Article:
Garwulf's Corner

Garwulf's Corner
For the Digital Green Fields of Aldamar

Robert B. Marks | 5 Oct 2016 18:00
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Author's Note: This is one case where I've felt for a long time like I need to make things right.

Eight years ago, I submitted a story to The Escapist titled "For the Digital Green Fields of Aldamar," which was published in the second fiction edition on September 30, 2008. While the story was well received, and compared favourably to Orwell and Huxley in the comments section, the version that was published was, in a word, butchered.

Unfortunately, the editor who handled the story at the time (who will go nameless for reasons that will become clear in a moment) wasn't very good at dealing with fiction. As a result, huge chunks of the worldbuilding were cut out (including a scene involving a billboard that foreshadowed important plot developments), and, in what remains the only moment I am well and truly ashamed of in an 18-year writing career, I allowed myself to be talked into the removal of a particular word from the end of the second paragraph, effectively whitewashing a major character who was based in part on my best friend in high school, a fellow originally from Zimbabwe named Frankyn Dawson (and, Franklyn, if you're reading this, please get in touch - it's been years, and I'd love to hear from you). Even the title was changed to omit a key adjective when the story was published.

So, it is my great pleasure to present the full and uncut version of For the Digital Green Fields of Aldamar. And, if you happen to have any reservations about what video games can do to us the more we play them, I regret that this story will not make you feel better...

aldamar-social

Deep down inside, Dave shuddered. Skazz was about to speak.

It wasn't that Skazz was a bad person. In fact, he was one of the best people Dave could imagine. The problem was that Skazz made any entrance into a conversation feel like an attempt to win an Academy Award. The fact that he hadn't figured out that dark blue hair looked ridiculous on a seventeen-year-old lanky black kid didn't help.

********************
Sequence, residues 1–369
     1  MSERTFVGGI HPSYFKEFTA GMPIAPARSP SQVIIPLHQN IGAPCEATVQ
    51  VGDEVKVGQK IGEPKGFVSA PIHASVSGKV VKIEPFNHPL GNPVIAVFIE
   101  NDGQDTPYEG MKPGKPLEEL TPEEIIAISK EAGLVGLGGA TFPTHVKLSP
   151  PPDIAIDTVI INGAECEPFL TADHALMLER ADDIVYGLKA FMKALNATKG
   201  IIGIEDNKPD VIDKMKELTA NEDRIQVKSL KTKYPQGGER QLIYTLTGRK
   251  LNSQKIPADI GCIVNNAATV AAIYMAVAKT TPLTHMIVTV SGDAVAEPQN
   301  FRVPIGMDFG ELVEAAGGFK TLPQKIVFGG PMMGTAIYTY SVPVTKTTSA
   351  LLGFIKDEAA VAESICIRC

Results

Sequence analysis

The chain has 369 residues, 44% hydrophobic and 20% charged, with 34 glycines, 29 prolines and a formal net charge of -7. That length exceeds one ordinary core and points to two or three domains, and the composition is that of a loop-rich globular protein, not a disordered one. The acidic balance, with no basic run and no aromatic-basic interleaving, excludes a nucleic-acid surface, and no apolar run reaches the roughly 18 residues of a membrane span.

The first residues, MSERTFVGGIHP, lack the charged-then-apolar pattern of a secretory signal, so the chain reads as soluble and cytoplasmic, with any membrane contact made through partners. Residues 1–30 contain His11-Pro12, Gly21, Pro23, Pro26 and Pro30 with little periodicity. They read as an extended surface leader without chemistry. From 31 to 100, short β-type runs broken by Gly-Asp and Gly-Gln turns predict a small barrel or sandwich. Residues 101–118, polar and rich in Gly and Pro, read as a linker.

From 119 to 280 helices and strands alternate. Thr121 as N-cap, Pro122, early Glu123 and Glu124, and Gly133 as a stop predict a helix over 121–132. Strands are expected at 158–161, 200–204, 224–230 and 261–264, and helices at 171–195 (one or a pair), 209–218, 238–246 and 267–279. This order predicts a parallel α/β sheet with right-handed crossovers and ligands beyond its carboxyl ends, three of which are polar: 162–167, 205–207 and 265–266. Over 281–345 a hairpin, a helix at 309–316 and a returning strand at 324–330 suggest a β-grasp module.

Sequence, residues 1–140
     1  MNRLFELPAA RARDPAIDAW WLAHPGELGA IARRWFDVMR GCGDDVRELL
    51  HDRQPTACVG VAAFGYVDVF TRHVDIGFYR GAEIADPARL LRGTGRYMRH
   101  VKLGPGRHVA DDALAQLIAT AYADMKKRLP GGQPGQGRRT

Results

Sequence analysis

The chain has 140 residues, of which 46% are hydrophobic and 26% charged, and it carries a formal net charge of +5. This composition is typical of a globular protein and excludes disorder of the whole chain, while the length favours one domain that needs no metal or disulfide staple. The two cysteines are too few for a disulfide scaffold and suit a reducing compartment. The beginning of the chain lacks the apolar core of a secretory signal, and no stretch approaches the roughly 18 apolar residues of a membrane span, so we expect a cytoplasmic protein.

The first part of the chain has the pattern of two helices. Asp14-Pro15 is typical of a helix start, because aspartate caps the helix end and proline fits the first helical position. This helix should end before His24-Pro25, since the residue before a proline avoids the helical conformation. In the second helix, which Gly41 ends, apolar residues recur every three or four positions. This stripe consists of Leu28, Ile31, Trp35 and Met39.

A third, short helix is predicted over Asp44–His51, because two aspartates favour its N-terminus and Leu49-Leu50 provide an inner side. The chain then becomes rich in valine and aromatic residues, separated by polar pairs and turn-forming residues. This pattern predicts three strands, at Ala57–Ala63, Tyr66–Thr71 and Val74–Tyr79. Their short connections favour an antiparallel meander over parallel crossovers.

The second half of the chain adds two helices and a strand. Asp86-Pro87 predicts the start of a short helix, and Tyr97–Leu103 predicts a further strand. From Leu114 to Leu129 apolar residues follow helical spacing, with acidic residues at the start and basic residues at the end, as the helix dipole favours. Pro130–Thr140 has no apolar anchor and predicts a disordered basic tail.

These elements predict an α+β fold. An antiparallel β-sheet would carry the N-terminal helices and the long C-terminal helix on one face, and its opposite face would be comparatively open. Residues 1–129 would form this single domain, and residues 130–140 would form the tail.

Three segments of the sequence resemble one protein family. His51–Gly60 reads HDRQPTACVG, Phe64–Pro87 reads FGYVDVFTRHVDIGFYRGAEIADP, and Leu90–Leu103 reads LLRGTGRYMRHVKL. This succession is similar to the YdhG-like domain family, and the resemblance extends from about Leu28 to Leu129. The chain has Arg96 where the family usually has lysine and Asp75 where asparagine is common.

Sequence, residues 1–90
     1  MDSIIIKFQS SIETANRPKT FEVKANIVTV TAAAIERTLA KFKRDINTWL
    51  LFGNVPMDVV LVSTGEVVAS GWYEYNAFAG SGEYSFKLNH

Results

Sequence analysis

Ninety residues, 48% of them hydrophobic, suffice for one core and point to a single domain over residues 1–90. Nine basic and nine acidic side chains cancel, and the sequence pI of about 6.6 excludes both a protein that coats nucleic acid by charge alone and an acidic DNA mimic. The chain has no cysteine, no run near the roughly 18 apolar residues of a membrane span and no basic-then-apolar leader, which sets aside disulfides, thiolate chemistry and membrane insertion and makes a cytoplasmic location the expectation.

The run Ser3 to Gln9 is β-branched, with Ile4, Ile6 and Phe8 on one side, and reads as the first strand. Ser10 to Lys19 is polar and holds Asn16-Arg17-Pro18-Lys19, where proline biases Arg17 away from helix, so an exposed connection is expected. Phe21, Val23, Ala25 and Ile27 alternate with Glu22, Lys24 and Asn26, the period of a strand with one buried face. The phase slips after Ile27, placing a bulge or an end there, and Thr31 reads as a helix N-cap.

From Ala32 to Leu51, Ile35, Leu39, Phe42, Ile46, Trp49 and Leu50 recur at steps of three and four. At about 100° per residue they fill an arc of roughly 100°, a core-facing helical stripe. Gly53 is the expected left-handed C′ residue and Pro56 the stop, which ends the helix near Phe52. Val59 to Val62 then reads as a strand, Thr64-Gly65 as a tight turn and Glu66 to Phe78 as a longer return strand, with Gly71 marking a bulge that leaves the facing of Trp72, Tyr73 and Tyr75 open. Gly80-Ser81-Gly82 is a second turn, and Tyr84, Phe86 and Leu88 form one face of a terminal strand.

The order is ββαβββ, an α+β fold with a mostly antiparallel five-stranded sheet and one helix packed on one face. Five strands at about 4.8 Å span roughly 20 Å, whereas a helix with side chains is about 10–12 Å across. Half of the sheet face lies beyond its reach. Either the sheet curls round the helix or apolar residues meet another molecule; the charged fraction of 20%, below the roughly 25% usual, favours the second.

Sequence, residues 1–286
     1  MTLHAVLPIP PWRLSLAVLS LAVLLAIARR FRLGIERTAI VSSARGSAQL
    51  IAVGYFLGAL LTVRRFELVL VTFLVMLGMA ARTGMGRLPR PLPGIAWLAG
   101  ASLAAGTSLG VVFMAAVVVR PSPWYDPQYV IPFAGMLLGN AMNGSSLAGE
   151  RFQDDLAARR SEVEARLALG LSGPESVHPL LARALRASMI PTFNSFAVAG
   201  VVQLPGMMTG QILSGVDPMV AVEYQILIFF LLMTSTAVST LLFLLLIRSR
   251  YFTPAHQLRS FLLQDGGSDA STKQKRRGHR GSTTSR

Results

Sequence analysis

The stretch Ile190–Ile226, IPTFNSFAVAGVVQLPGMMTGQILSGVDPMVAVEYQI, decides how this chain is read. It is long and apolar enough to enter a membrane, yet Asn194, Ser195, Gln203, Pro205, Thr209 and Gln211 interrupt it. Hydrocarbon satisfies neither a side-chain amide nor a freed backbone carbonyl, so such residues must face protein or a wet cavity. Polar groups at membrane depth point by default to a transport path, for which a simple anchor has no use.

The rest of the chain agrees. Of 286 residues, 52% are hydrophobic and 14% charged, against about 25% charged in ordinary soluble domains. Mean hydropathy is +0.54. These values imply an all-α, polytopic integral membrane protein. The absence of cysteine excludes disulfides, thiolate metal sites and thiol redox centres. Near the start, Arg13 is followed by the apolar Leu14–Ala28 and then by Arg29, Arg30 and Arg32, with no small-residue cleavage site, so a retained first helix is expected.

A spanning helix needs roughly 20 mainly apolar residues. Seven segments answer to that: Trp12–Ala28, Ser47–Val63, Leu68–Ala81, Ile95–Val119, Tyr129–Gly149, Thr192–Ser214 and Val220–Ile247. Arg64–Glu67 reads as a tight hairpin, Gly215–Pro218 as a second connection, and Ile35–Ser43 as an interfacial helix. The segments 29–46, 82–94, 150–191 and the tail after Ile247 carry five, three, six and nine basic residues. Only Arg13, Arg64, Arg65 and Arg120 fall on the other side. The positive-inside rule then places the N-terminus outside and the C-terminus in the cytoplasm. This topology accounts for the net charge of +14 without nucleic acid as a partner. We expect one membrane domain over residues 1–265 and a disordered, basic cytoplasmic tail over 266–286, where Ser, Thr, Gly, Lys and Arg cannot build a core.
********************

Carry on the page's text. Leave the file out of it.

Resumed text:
"The problem with games these days," Skazz began, striking a theatrical pose.

Dave smiled, and wondered just how many of his friends were in Aldamar right now, wishing he could join them. "What is the problem with games these days, Skazz?"

"The problem with games these days is that they're too social," Skazz said, and sat down.

"Too social?" Terry said, scratching his head and staring down at his cafeteria french fries.

"Yes," Skazz said, tenting his hands. "Far too social."

Dave smiled, and wished he was on the Aldamar server again. "Why's that a bad thing?"

For a moment, Skazz looked like he was going to explode - or at least like he wanted to look like he was about to explode. "When was the last time you were able to be alone in a game?" Skazz demanded. "When was the last time you were able to just go off and kill some monsters by yourself?"

"Besides, online does everything better than real life."

"Socializing is good for you," Terry said, eating a french fry. "The problem is that games are too educational. My father once told me that there was a time when you could tell somebody to fear your leet skillz and they wouldn't correct your spelling and grammar."

Dave shrugged. "It's all fun - what does it matter in the end?"

Skazz glared at him. "It isn't pure fun. It's watered down, forcing people to play together, while trying to teach you at the same time."

Terry grinned. "See! I told you they were too educational."

Dave shook his head. "It's not that simple. It never is. There's something for everybody to play. If you want adventure, you go to Aldamar. If you want some sort of perverted sex, you go to The Temple of Pagan Sacrifice. If you want to shoot people up, you go to The Wars. They're all different, and there's something for everyone."

Skazz leaned forward. "But what if you don't want to play?"

The bell for classes rang. Dave blinked.

"Hey, man, everybody wants to play," Terry said, standing up and emptying his tray into the nearest trash can. "Besides, online does everything better than real life."

"But what if you don't?" Skazz pressed.

Dave swallowed. "We should be getting to class. We're supposed to be talking about the online Hamlet today."
As he stood and pulled on his backpack, he could feel Skazz's gaze burning into the back of his skull.

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